Last year, I made a photography trip to Italy whereby I rented a car, and I traveled in several cities in Tuscany. One of which was Florence. And it was not until well over a year later, I received notice from a Switzerland firm, outsourced by the Florence police, that I had violated some traffic issues and was notified of the fines.
To say the least, I was a bit taken back. The fines consisted of four tickets having to do with driving in restricted areas of the city. These restricted areas are called ZTL or “Zona Traffico Limitato” I found out after the fact that several cities in Italy and Europe have implemented controlled and limited driving access areas. My total fines was 600 Euros or about equal to $800.00 USD. As I do a considerable amount of European travel, I did not want this fine to hang over my head.
The outsourced company, Nivi Credit, Ltd, reported that one can appeal the violations, but it had to be written in Italian. I wrote the appeal in English and sent it to my Italian friend, Dino who resides in Vigevano Italy. In turn, Dino sent back his translation, written in standard Italian legalize. Dino had studied law and was aware of the statute of limitations of one year.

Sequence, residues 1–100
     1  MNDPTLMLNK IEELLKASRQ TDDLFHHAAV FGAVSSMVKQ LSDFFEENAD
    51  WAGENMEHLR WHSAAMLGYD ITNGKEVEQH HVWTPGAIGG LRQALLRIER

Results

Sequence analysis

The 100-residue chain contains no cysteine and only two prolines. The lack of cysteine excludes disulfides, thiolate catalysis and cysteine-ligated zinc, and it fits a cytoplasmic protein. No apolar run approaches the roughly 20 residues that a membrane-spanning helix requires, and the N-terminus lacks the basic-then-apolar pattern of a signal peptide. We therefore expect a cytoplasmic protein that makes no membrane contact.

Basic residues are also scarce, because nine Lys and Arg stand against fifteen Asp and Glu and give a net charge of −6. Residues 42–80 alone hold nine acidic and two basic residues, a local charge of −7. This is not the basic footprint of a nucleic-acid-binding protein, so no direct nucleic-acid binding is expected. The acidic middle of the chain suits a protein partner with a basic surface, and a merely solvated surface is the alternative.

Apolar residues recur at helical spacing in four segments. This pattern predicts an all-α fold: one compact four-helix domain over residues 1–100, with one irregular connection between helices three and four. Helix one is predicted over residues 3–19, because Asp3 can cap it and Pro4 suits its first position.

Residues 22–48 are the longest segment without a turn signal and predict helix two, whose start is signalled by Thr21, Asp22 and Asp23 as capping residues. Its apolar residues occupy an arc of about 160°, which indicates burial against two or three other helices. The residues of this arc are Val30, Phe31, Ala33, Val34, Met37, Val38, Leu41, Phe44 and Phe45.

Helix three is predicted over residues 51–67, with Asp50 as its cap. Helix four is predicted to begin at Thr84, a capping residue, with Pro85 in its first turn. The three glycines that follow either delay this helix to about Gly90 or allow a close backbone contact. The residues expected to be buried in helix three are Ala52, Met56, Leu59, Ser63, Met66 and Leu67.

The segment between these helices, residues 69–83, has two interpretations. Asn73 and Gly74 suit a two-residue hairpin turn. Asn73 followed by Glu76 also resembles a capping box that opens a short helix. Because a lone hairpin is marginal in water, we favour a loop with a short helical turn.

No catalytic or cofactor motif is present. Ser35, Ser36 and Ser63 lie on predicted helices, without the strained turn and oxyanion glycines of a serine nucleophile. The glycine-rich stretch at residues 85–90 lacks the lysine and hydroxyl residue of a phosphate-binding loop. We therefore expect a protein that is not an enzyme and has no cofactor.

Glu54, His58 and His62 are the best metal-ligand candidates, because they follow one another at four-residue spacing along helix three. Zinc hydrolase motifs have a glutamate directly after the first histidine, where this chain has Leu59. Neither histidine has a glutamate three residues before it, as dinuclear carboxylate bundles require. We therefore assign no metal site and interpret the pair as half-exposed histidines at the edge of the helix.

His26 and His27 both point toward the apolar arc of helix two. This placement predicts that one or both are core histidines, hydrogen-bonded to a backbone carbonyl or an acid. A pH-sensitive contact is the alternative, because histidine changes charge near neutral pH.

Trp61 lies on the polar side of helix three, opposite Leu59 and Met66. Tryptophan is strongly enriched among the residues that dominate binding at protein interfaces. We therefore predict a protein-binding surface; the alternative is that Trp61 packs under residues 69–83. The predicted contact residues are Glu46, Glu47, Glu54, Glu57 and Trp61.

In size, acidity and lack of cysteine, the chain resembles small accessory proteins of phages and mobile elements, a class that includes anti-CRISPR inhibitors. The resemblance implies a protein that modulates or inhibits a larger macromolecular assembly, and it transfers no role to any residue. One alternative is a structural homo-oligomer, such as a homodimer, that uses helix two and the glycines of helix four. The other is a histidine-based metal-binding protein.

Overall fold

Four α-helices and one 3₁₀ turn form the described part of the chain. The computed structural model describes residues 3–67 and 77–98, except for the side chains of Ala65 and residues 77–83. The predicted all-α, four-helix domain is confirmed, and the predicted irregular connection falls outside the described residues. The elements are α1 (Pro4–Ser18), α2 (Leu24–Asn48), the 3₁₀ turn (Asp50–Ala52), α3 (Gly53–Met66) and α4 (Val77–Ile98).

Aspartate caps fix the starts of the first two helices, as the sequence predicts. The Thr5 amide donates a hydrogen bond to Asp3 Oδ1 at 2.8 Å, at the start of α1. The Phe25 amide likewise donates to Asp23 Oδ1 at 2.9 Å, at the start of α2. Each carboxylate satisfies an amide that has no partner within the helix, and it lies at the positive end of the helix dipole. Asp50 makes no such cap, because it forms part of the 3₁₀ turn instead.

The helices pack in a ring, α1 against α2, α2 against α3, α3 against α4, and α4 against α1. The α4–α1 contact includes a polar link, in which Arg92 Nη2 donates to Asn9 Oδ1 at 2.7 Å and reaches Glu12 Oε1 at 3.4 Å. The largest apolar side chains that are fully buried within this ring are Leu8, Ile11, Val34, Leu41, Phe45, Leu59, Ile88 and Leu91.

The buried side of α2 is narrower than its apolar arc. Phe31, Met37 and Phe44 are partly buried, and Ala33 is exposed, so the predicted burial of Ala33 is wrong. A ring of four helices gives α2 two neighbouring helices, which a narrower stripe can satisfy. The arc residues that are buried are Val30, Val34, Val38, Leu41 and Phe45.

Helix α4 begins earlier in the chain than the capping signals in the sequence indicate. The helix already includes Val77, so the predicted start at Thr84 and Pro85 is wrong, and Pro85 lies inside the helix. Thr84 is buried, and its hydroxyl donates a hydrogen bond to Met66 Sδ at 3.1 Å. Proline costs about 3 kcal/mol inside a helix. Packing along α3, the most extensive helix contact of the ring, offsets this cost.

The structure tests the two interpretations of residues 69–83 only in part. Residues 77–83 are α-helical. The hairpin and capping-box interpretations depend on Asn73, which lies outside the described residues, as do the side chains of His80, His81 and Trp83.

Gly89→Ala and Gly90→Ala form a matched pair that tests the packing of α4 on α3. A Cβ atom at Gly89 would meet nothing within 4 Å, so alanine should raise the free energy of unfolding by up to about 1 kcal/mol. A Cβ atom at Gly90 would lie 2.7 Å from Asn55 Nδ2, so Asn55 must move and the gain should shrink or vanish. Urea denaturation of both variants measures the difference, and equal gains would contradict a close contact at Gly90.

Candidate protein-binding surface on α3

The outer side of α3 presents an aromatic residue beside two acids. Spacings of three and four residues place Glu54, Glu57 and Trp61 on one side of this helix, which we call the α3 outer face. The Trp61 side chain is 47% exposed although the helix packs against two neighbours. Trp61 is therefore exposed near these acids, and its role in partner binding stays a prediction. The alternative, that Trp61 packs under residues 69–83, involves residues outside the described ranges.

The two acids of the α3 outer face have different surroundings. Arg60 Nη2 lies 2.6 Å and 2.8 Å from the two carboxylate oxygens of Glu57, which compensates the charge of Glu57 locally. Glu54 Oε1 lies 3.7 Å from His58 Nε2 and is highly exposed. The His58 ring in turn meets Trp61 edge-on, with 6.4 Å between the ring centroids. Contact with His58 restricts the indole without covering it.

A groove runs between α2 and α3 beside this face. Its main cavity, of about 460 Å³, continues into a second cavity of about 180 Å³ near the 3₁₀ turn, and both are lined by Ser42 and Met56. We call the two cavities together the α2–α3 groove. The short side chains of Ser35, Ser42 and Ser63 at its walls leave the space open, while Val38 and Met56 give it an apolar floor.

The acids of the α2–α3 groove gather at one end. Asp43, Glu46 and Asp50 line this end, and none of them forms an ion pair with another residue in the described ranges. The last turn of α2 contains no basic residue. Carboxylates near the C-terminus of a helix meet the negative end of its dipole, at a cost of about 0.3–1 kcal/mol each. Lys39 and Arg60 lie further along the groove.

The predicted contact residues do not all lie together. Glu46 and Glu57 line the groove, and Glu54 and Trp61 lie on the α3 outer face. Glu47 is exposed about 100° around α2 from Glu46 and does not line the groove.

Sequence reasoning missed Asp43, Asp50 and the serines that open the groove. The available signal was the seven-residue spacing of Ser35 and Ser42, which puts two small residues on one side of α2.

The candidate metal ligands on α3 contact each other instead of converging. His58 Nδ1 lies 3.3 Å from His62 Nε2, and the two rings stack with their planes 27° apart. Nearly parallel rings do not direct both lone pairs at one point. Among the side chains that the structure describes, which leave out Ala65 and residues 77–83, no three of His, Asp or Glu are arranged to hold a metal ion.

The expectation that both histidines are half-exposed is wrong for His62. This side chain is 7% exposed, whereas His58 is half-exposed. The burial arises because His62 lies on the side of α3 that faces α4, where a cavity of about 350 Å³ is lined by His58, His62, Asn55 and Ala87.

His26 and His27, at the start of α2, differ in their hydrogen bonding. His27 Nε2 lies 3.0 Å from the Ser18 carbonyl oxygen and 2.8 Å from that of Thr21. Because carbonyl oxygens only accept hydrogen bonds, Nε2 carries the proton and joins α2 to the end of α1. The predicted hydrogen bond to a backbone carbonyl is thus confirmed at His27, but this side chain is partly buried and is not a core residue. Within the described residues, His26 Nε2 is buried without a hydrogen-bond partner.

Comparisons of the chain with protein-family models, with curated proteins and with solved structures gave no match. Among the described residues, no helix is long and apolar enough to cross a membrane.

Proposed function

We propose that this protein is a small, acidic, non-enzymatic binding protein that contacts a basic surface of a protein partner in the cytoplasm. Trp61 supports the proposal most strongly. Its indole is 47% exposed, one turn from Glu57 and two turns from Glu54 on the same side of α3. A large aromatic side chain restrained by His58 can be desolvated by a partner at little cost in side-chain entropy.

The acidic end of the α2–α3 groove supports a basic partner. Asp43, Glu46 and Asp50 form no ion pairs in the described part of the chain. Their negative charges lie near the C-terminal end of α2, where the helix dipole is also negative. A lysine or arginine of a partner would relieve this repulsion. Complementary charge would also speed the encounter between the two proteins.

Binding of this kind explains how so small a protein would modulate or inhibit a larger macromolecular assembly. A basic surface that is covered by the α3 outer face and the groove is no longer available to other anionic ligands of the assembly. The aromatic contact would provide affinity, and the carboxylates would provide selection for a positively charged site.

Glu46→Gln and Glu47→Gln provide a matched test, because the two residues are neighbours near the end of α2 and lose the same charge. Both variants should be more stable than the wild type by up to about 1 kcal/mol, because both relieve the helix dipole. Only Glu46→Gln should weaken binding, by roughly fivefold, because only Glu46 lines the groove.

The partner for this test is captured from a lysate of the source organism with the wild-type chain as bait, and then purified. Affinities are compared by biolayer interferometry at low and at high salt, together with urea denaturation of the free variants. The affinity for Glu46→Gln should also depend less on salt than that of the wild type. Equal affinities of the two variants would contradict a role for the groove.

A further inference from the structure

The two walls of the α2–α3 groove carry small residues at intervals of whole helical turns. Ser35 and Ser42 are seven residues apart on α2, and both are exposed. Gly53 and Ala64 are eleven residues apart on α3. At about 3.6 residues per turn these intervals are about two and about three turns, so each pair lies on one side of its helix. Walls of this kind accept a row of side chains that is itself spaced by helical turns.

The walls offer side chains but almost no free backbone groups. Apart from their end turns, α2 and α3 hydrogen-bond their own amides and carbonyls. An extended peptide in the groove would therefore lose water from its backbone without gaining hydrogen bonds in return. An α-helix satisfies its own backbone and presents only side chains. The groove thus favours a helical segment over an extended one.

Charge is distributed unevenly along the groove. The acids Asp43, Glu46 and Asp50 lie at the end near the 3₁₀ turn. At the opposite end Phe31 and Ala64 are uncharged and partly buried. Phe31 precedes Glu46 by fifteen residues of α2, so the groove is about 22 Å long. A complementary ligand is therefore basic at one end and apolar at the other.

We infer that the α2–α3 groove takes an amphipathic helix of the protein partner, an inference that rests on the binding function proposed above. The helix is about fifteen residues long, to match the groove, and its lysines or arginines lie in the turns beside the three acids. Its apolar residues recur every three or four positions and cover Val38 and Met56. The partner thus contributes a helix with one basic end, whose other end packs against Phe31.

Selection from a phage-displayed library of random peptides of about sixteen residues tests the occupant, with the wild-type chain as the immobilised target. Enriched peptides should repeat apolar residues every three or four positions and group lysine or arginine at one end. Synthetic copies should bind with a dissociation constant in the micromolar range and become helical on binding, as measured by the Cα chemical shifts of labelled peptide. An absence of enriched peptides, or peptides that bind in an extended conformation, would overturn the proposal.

Here’s the kicker: if the appeal is rejected, you would be subject to double the fine. In my case this would be nearly $1,600.00 USD. My appeal rested on the fact that I did not receive authorized notification of the violation until well after one year, the statute of limitation.
People who rent cars in Europe should be made aware of the ZTL In Florence alone, the total yearly violations of ZTL amount to more than $52 million. Tourism is the number one product in Italy, and now we know why.
I would suggest before renting a car and driving in Italy or any part of Europe, find out what the ZTLs are in specific cities you intend to visit. Also, I would determine the hotel locations because some are listed in a ZTL. The hotel that I selected, which was a few city blocks away from the Piazza del Duamo, was in the heart of a ZTL. The hotel personnel did not tell me about this.
When you pick up your rental car, I would recommend that you ask for a map or description of restricted areas. The rental company did not inform me of the Florence ZTLs.
In many ways, I was fortunate. I found out that the Florence police will acquire your credit card information from the rental company and then use it to collect before you receive notification in the mail. My credit card had expired. But for many other tourist who rent a car and violate the ZTL, their credit cards are charged against the “Violation of Highway Code” without your authority.
Beware of the ZTL. The posted signs are small and are not in English.